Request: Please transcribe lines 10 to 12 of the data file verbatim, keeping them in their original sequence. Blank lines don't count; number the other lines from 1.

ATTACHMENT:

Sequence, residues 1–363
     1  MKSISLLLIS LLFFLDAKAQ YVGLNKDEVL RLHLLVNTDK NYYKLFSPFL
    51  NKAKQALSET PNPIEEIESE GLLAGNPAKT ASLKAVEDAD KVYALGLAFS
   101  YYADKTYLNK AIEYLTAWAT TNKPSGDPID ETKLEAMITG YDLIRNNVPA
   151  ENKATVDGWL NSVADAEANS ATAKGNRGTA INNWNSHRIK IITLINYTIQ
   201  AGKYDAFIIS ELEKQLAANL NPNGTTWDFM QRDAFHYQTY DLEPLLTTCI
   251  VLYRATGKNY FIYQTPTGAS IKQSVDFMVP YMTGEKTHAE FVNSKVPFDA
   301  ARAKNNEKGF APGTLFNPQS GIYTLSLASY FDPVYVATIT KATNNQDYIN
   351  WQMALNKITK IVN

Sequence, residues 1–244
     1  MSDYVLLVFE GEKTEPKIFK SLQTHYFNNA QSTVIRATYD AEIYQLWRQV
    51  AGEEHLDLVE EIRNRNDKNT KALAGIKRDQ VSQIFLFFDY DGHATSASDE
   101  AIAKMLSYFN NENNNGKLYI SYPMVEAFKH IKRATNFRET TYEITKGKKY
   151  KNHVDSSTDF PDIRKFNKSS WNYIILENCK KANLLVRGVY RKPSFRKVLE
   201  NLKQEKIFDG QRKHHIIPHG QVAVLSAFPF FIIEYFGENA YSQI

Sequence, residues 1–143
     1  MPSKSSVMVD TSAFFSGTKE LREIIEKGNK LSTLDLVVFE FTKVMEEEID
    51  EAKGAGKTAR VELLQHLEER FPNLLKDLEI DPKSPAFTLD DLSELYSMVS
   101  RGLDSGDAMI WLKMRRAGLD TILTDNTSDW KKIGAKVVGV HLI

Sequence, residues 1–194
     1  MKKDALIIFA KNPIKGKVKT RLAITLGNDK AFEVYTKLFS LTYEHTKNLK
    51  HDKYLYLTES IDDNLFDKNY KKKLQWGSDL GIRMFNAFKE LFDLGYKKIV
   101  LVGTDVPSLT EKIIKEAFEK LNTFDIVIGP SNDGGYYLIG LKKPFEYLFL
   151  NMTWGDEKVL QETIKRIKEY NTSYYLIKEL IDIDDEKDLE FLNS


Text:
Sequence, residues 1–244
     1  MSDYVLLVFE GEKTEPKIFK SLQTHYFNNA QSTVIRATYD AEIYQLWRQV
    51  AGEEHLDLVE EIRNRNDKNT KALAGIKRDQ VSQIFLFFDY DGHATSASDE